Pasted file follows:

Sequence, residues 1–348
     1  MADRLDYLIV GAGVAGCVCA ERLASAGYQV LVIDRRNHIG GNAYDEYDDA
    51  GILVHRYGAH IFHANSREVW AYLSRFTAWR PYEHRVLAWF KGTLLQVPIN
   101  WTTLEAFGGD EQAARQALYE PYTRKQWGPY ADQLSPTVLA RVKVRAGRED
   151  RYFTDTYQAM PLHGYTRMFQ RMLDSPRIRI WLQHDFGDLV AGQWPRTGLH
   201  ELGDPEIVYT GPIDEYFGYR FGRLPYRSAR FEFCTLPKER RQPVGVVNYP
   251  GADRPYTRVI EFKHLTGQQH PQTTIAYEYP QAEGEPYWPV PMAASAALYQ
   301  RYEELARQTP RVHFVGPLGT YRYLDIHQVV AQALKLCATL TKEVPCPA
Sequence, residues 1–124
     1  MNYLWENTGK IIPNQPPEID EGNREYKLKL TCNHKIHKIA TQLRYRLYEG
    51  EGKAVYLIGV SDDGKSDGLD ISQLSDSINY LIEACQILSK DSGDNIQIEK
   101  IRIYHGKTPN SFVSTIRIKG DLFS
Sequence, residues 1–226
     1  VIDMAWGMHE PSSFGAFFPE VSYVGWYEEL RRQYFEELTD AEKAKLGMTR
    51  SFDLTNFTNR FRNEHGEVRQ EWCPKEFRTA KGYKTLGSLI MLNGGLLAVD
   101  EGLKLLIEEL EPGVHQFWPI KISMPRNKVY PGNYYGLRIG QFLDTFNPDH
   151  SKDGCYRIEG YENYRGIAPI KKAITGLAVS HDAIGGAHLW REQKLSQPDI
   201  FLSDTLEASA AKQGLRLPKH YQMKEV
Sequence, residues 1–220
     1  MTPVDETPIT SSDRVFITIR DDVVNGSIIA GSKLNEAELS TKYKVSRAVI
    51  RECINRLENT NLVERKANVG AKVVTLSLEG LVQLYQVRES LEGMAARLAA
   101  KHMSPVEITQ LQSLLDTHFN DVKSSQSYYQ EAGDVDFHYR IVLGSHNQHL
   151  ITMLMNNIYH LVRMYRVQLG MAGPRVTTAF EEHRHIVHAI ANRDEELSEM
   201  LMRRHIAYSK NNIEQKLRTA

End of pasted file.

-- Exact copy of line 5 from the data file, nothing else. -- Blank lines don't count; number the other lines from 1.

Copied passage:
   151  RYFTDTYQAM PLHGYTRMFQ RMLDSPRIRI WLQHDFGDLV AGQWPRTGLH